There is a notion of fieldwork in your practice that extends beyond the common understanding of this activity (as seen in anthropology, for example). In this sense, how did your involvement with the Amazonian territories and the populations that inhabit them come about?
I think this training process is very connected to other spheres outside the field of architecture, very influenced by the field of arts and human rights. It influences my practice in relation to an aspect of militancy for human rights and political activism—what I call architecture as advocacy. If the city is a right, architecture is a form of advocacy. I believe that, also in my more theoretical, artistic and curatorial work, a critical and speculative approach to architecture is present.
Thus, my involvement with the Amazon, with the Amazonian peoples, began primarily as a matter of investigation, of research. I was interested in understanding how the coloniality present in Brazilian modernism, as I wrote, mainly in the case of Brasília, unfolded in the military regime for the entire Amazon, with a series of “territorial planning” operations designed and implemented in the Amazon—perhaps the most ambitious territorial-planning process of the twentieth century worldwide. And allying this with activist and political concerns, and also after working with the development of the practice of forensic architecture, which had already been developed in other territories, I began to collaborate with different communities for the defense of the rights of territories, with the understanding that architecture can be conceived and thought of as a form of advocacy.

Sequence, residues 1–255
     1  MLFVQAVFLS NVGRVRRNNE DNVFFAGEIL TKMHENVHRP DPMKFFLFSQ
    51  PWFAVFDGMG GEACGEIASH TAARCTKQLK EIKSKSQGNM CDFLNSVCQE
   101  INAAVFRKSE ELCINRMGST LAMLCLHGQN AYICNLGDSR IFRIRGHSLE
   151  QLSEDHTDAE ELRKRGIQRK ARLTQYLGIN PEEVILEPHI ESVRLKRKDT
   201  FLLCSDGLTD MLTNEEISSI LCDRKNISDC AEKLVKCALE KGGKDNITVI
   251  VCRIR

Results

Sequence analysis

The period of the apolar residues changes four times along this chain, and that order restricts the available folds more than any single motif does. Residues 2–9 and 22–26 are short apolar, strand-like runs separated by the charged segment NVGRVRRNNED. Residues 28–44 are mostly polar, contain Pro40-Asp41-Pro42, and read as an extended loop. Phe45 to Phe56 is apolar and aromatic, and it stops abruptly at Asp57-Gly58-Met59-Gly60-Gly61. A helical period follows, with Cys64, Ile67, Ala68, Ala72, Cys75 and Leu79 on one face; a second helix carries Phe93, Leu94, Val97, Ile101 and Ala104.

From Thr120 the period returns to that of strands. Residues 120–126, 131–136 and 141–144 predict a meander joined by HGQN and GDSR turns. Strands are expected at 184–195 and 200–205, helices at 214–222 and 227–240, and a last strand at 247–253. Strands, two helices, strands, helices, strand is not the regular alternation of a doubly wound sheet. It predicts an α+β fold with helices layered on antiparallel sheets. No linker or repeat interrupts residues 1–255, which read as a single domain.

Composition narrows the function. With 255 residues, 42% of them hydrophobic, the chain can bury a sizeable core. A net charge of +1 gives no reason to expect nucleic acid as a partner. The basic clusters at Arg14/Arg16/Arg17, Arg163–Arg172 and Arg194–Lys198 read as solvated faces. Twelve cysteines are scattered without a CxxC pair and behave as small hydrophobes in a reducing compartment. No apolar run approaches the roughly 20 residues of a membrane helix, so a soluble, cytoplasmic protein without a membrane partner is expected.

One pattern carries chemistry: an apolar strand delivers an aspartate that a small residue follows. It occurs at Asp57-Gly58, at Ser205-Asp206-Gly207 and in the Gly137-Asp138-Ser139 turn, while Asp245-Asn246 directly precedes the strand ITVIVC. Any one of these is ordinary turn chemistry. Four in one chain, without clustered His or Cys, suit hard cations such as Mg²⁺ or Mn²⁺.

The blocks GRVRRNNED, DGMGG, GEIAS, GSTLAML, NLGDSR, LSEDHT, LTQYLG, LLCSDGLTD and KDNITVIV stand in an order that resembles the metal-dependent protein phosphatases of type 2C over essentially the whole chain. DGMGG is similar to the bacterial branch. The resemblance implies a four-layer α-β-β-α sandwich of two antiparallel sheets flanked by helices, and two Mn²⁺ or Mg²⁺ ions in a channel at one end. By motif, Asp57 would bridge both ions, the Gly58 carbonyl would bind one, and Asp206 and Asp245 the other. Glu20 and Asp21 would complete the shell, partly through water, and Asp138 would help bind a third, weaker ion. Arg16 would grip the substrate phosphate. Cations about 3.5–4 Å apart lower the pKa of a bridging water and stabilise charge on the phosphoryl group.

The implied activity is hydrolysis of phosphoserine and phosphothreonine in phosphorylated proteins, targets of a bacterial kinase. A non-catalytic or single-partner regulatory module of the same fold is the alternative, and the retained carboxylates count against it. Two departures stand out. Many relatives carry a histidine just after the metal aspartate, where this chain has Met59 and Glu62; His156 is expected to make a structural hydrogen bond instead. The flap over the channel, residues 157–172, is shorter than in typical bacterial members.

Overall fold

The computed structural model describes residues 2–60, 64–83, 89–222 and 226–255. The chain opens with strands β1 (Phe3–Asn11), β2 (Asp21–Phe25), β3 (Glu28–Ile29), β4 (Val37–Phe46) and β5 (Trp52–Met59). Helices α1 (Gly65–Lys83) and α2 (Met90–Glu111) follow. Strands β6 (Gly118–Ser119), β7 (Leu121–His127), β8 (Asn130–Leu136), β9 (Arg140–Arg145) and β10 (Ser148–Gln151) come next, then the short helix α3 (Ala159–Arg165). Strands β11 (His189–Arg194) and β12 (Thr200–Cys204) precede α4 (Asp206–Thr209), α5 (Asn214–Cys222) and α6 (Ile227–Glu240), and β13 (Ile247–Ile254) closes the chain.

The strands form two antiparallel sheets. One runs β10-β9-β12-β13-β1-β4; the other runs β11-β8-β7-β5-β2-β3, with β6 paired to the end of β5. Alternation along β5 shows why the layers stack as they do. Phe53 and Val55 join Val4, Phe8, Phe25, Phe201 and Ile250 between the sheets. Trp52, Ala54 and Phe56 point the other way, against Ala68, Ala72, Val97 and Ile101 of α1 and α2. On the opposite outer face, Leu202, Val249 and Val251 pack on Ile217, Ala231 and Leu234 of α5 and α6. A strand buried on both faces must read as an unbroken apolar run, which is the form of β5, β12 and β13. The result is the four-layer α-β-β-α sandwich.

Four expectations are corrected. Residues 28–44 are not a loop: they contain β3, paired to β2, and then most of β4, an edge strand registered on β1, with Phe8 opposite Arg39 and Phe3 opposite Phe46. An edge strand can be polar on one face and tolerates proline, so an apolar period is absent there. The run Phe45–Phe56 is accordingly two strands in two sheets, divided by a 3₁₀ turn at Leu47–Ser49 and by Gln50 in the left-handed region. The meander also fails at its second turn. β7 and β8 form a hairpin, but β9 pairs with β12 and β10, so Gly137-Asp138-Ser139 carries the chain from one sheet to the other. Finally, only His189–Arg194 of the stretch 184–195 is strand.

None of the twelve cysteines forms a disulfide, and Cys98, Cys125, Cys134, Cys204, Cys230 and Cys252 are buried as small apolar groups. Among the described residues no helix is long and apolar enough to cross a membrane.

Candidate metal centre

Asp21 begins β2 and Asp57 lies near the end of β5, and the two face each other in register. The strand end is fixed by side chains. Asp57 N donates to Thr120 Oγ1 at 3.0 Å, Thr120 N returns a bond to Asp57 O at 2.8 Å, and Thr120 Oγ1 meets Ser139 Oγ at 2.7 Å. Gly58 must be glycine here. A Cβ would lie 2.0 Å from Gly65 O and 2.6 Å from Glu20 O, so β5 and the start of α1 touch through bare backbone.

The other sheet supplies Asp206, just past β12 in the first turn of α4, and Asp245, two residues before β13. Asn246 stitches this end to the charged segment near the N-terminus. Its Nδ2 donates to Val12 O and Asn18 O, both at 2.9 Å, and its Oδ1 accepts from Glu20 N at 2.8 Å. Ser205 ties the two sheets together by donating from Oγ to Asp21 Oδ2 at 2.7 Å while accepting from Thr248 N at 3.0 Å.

Around 2012 you produced a video about Non-Human Rights. Since then, much has changed in the acceptance of these ideas in cultural terms, but they are still challenging in other arenas such as the field of law or urbanism. Could you talk a little about this video and how it led you to interact with fields adjacent to architecture?